knowledge no specimen of that sex from the type locality exists in any collection.
Alberto Diaz Frances (pers. comm.) has written us that recent specimens have been
taken in the Sierra de Juarez, Oaxaca, and at Villa Juar6z, Puebla. At least the
latter specimen would seem to belong to the eastern Mexican population, and if
it is a male, we hope it will be figured soon in Revista de la Sociedad Mexicana
de Lepidopterologia, A. C., or some other publication.
Descimon, Mast de Maeght and Stoffel (1974) reviewed P. brooksiana and
attempted to make a case for the species coming not from Veracruz, but from the
Sierra de Oaxaca. This practice is questionable, especially since the cloud forest
environments of Veracruz have not been well sampled in recent years. Coatepec lies
very near Jalapa and is in fact nearer to the Sierra Madre Oriental than is Jalapa.
The older writers, especially Schaus, Godman and Salvin, described a great many
species from just such regions, species that have subsequently been taken further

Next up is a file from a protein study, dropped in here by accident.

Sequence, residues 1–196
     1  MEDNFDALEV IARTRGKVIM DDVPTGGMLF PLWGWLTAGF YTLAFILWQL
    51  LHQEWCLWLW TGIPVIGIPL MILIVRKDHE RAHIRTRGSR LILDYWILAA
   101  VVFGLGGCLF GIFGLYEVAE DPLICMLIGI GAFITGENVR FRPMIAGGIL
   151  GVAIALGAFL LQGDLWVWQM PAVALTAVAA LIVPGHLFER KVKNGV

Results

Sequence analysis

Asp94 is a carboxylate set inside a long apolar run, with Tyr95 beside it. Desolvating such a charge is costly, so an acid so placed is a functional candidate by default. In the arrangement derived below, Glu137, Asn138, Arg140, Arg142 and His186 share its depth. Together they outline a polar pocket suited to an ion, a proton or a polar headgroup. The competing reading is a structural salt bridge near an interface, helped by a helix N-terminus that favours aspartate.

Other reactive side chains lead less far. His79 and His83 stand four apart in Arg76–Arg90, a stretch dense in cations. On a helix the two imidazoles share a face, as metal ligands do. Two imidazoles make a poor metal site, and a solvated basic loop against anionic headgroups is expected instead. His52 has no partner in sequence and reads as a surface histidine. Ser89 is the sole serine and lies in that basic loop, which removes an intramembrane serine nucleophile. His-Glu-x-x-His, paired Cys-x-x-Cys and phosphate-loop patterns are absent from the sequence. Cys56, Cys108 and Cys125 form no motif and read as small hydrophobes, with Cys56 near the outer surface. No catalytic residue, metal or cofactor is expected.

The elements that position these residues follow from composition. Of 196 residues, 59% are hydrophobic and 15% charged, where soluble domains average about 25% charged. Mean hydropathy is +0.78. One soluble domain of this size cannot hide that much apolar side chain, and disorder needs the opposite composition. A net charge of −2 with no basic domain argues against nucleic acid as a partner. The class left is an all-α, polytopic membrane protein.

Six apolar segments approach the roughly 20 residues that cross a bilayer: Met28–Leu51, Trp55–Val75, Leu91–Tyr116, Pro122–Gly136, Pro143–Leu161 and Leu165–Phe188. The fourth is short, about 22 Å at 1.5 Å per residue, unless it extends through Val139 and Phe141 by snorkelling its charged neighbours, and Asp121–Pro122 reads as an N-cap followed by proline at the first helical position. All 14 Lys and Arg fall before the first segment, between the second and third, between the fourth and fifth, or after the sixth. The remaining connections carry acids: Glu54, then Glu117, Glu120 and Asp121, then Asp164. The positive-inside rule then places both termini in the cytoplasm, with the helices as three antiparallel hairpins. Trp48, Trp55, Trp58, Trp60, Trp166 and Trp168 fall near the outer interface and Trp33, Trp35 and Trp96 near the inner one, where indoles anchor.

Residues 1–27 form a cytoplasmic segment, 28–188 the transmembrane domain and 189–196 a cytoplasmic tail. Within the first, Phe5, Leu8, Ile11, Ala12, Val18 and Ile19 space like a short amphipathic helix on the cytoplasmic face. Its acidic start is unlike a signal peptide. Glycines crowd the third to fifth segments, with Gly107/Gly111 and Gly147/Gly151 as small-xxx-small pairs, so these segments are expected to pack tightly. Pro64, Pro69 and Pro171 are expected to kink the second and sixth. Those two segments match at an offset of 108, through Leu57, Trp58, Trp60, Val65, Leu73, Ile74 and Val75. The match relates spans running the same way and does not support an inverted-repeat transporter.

up the slopes in the Sierra Madre Oriental (see for example L. Miller and J. Miller,
1970, regarding Adelpha creton Godman). Many taxa that were described from
this region have not been encountered there in recent years (some have not been
encountered anywhere), a fine example being the magnificent Nymphalis
cyanomelas (Doubleday and Hewitson), an insect that almost certainly came from
the slopes of Mt. Orizaba. The only recent captures of cyanomelas were two males
from the Cerro Miramundo cloud forest on the common border between El Salvador,
Guatemala and Honduras, and on the basis of these specimens we must assume that
cyanomelas is an inhabitant of the poorly known and little collected cloud forest
environments of northern Central America and Mexico.
Descimon, Mast de Maeght and Stoffel (1974) designate a specimen from the
Lagos ("Lagunas") de Montebello, Chiapas, as the neallotype of brooksiana. We
consider that the designation of a specimen from another locality, and drawn
from a totally different gene pool (see below), is dangerous at best and indefensible
at worst. It was precisely this sort of abuse of the allotype cancept that led to the
dropping of the allotype from consideration under the present "Code" (I. C. Z. N.,
1964: Arts. 71-75 and Recommendations). Inasmuch as the "Code" is so explicit
in other matters, we cannot imagine that omission of the allotype from the listings
of acceptable types was accidental.

A comparison of the females of the Chiapas population with the extant
Coatepec and other Veracruz specimens must be undertaken to establish whether